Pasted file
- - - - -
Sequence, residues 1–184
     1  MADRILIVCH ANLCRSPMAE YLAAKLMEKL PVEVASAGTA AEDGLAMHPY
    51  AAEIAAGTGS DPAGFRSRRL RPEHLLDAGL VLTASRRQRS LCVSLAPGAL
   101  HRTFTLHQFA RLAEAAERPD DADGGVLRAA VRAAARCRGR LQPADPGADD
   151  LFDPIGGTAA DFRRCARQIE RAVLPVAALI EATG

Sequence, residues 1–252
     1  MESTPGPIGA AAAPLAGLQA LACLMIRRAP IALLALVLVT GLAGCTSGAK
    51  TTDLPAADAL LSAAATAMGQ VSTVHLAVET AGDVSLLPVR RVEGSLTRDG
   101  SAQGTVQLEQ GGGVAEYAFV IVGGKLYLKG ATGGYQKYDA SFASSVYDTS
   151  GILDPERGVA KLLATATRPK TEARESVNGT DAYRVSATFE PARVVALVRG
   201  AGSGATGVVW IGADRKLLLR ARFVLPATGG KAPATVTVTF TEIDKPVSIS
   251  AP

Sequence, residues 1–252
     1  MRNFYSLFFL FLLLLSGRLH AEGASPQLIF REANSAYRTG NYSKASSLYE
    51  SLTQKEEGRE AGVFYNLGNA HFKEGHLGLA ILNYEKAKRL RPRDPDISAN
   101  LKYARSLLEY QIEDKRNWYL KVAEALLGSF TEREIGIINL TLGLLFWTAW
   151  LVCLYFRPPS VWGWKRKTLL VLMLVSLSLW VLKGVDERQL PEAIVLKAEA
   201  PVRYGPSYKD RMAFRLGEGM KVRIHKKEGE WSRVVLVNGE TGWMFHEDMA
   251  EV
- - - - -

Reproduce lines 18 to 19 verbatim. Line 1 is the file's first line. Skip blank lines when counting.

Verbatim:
   201  PVRYGPSYKD RMAFRLGEGM KVRIHKKEGE WSRVVLVNGE TGWMFHEDMA
   251  EV